Identifying Risk Factors for Anchoring Bias during Emergency Department Transitions of Care
Author: Roni Matin, MSc (2022)
Primary advisor: Susan Fenton, PhD
Committee members: Amy Franklin, PhD, Robert Murphy, MD, Amit Mehta, MD
PhD thesis, The UTHealth Houston School of Biomedical Informatics
Transitions of care have been associated with breakdowns in communication and medical errors. In emergency departments (ED) these handoffs are typically known as sign outs. Sign outs provide continuity of care for ED patients whose diagnosis and care fall across shift changes. They are short interactions where pertinent information and responsibility for the patient is transferred to the physician assuming care for them. However, these exchanges may also be an opportunity for cognitive biases to be transferred or introduced, leading to erroneous decision making. Anchoring bias is known to have a significant impact on clinical decision making. Yet, little is known of the factors that increase the risk of anchoring bias during patient diagnoses that involve sign outs.
This exploratory research aims to understand how the communication of patient information during sign out influences the clinician’s use the information and develop the patient’s diagnosis and thus identify the factors that contribute to anchoring bias in clinical decision making in the ED.
A mixed method approach was used to identify and evaluate potential risk factors for anchoring. Initially a review of a dataset from a medical incident reporting system was conducted to identify potential contributing factors from known cases of medical error. This was followed by an interview study with emergency medicine (EM) physicians to gain their perspectives on peer influence and communication factors between outgoing and oncoming clinicians that might affect sign outs and thus potentially impact decision making.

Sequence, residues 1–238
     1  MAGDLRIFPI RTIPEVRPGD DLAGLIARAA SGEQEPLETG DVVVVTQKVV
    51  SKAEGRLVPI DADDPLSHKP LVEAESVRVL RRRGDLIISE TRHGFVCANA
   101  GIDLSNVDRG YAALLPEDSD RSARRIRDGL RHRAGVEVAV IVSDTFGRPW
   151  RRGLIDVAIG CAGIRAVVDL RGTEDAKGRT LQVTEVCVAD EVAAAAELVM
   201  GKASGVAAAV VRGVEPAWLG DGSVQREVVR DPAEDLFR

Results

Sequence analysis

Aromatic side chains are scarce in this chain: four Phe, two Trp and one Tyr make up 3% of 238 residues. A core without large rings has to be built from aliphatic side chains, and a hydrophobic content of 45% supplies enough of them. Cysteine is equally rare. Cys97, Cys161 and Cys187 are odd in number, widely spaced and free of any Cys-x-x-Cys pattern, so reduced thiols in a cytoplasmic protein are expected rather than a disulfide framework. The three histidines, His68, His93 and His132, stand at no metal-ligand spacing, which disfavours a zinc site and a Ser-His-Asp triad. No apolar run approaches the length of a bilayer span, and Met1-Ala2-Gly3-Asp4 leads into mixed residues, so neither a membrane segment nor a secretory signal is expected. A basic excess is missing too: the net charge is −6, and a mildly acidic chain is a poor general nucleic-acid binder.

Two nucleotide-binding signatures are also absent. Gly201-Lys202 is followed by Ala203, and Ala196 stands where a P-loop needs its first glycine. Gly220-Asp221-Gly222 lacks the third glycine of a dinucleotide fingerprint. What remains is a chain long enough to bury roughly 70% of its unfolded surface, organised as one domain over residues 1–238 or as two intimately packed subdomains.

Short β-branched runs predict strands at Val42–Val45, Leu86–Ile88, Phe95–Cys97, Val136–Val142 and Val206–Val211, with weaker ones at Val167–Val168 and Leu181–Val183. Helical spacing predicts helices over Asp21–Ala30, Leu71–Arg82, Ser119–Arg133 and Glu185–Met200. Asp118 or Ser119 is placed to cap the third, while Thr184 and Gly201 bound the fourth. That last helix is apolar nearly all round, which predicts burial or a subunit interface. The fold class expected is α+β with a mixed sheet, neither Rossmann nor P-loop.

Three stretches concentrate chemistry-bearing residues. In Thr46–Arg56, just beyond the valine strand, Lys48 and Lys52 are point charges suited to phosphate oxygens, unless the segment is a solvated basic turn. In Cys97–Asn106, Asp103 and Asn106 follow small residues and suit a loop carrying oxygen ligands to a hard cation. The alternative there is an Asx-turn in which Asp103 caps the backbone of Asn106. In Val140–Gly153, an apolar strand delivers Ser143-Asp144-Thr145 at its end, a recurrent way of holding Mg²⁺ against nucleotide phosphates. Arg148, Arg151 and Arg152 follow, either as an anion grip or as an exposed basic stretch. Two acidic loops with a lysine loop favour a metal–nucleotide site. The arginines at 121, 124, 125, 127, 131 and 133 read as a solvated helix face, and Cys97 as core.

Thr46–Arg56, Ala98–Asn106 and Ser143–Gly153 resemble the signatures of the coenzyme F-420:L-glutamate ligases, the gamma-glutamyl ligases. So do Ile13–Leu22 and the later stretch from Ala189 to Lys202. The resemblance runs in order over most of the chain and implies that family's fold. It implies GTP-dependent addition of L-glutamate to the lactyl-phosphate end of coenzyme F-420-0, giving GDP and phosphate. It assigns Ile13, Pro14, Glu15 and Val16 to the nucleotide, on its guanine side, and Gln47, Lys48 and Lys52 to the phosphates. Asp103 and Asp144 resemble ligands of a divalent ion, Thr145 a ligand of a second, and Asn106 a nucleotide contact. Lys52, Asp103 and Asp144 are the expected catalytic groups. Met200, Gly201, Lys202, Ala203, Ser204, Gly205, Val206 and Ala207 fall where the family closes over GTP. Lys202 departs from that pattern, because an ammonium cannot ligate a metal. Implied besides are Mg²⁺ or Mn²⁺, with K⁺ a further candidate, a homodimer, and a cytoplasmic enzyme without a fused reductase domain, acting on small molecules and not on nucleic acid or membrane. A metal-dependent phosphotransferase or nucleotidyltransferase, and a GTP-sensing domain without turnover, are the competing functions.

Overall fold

The findings were used to design an experimental evaluation study to assess the impact of potential risk factors identified on diagnostic and treatment planning of EM clinicians. The study was conducted using patient case vignettes as control cases and stimuli cases, which contained these risk factors as test conditions to assess their effect on clinical decision making. The cases were presented in a format simulating sign out communications and the volume of information presented at sign out. Volume of information was represented by the two test conditions of explicitness of the sign out information and the stage in the diagnostic process the case was in at the time of sign out. The study was conducted at two academic hospital ED sites with a total 69 participants.
The results indicated that the explicitness of the sign out information had no significant influence on the diagnostic accuracy in stimuli cases or on the confidence of the clinician participants in their diagnosis for the case. However, the stage in the diagnostic process of the case at the point of sign out, did significantly influence both clinicians’ diagnostic accuracy and their confidence in the diagnosis. The earlier stage stimuli cases were associated with lower diagnostic accuracy and lower confidence in the diagnosis. The test condition of explicitness did not have a significant effect on a number of outcome measures whereas the test condition of stage of the case did not.
These findings suggest that additional support may be required for during sign out for cases that are in an earlier stage in the diagnostic process at the time of sign out to as they are at higher risk for diagnostic error and for the influence of anchoring bias.